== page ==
OMG, this is getting more bizarre by the week. The latest is that Microsoft has run away from their new and cool name, Metro.
You gotta be kidding! Microsoft has spent so much time promoting the Metro name and establishing it as the new and cool tablet design. People like it!!! They don’t want to give it up! To walk away from it now is simply amazing.
The least of it is that it abandons a useful vocabulary that had been used to clarify a complex situation. Let’s go through these terms in slow motion.
- Windows 8 is used to denote the new version of the OS. It is the sucessor to Windows 7. Roughly translated from the German Die Götterdämmerung, it consists of two parts:
- Metro is the new and cool tablet interface. It consists of brightly colored blocks that contain text in a large sans-serif font. It is the only app launcher in Windows 8, replacing the Start menu.
- Desktop is the compatibility environment and more. It looks like a Windows 7 desktop without the Start menu and with a few options rearranged to increase confusion. It runs the Windows apps, except for the few new Metro apps. Notably, MS Office 2013 runs in the Desktop, not Metro.
- Metro-style denotes a new Desktop app that uses some Metro fashion cues but does not actually run in Metro itself. Unlike a legacy Windows app that runs in Desktop, a Metro-style app uses different fashions. It does away with the Aero interface and any texture, shading, or illusions of depth. It is a flat, simple UI that features large type and a lot of white space. Office 2013 is a Metro-style app but it runs in the Window 8 Desktop environment. There is also a version of Office 2013 that runs in Windows 7. It is obviously not running in Windows 8 but it is Metro-style. Got that?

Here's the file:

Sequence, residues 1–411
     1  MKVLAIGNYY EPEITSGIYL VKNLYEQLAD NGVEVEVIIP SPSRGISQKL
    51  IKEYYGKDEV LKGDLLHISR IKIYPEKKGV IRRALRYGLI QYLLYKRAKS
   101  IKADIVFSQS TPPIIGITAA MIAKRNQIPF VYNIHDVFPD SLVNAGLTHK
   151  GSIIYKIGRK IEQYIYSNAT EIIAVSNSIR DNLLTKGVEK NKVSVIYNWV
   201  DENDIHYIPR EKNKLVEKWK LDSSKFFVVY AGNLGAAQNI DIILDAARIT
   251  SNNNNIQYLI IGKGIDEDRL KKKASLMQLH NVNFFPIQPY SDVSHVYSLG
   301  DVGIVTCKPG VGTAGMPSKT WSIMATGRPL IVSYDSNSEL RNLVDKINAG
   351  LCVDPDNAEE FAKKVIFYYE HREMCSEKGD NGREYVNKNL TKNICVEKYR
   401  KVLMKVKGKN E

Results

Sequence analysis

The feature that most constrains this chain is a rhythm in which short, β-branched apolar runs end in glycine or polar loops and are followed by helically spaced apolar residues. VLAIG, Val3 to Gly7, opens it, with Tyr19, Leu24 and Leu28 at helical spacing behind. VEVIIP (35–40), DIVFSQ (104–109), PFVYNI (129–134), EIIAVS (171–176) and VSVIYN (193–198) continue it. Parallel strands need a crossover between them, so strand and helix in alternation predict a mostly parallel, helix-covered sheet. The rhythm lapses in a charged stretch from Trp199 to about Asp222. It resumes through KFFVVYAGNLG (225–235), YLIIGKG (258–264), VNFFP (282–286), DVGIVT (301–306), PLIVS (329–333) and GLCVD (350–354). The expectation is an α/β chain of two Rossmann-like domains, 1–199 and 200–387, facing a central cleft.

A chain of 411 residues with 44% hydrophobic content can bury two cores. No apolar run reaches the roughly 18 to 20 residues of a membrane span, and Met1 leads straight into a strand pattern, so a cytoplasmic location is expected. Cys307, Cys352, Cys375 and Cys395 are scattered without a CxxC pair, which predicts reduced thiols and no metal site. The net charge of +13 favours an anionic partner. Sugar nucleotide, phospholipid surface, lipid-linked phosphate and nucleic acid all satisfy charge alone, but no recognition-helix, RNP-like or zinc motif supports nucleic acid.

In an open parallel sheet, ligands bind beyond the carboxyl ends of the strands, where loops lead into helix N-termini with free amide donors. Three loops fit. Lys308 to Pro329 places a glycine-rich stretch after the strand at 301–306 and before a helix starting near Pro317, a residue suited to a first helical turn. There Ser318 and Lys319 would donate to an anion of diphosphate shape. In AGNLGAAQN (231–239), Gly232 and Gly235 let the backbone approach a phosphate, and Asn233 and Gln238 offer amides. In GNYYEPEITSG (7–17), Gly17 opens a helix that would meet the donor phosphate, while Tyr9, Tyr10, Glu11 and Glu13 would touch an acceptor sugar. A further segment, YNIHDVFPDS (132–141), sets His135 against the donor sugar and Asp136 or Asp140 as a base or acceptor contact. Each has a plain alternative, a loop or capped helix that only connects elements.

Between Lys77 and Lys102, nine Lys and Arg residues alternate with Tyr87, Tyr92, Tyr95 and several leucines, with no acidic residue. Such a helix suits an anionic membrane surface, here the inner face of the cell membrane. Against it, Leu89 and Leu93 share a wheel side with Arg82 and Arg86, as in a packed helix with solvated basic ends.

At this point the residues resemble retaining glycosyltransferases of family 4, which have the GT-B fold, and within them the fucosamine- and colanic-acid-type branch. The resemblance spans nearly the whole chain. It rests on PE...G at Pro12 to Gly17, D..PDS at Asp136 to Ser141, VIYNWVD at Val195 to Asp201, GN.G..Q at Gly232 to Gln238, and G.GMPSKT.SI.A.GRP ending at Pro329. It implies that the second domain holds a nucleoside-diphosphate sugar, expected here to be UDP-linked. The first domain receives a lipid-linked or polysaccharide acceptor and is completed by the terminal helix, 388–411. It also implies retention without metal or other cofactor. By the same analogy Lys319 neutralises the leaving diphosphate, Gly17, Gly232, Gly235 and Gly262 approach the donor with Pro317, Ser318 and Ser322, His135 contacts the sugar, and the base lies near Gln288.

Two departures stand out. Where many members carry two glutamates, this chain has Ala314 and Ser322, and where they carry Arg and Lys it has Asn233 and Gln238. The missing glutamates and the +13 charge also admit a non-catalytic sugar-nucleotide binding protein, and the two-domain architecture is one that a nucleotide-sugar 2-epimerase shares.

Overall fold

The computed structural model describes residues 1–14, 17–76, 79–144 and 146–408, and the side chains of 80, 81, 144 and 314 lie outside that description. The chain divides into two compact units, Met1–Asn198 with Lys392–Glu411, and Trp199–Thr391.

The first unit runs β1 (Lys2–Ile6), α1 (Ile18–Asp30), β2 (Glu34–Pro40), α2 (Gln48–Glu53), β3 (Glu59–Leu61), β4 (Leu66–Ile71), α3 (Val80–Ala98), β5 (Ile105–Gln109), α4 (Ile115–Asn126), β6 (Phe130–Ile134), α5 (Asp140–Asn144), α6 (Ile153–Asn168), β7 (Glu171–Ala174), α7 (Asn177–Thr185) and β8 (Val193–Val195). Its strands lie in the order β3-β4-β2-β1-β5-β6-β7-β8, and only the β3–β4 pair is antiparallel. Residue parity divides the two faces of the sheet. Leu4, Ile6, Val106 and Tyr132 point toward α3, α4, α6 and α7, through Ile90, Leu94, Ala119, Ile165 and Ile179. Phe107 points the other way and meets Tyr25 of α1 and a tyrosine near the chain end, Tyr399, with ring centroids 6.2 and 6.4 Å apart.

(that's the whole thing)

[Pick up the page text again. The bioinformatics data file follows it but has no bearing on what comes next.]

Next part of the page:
Are you confused yet? If not, this should help. IE10 is one of the few Metro apps that is available in the Preview release. When you tap the IE10 color block in the UI formerly known as Metro, IE10 starts and runs in Metro. This version of IE10 is windowless and there are no options to add tab panels or use menus. However, if you switch to Windows 8 Desktop, you will find an IE10 icon in the leftmost position in the Taskbar. If you click that, a Metro-style version of IE10 launches in the Desktop environment!
The Metro-style version of IE10 (Desktop!) has windows, has menus, and you can add tab panels! Two versions of the same app! One Metro and one Metro-style.
Now, they’ve tossed the term Metro and are scrambling around, trying to figure out what to call it at this late date (hey, its past RTM and they’re still picking terminology). The latest news that I hear is that they will call the artist formerly known as “Metro” the global name Windows 8 UI.
Does this Matter?
In the context of all the other problems they’ve got, probably not. But it will come up soon enough, as soon as customers try to figure out what the hell to do with the beast. Something’s got to give.
It’s clear enough that Microsoft is going all balls out in their belated attempt to enter the tablet market. It really is very cool that they are not trying to copy Apple again. Especially considering that this is Microsoft, it is very welcome.
...realistically, you gotta admit Metro is a version 1.0 release of a new OS. It looks it, feels it, smells it. Entering the tablet (a.k.a., the iPad) market at this late date is tough. Even the one successful Android competitor, Samsung, isn’t doing anything with their tablets — except blowing smoke in the analysts’s faces. The latest was that they’ve been forced to reveal the real truth about their tablet sales.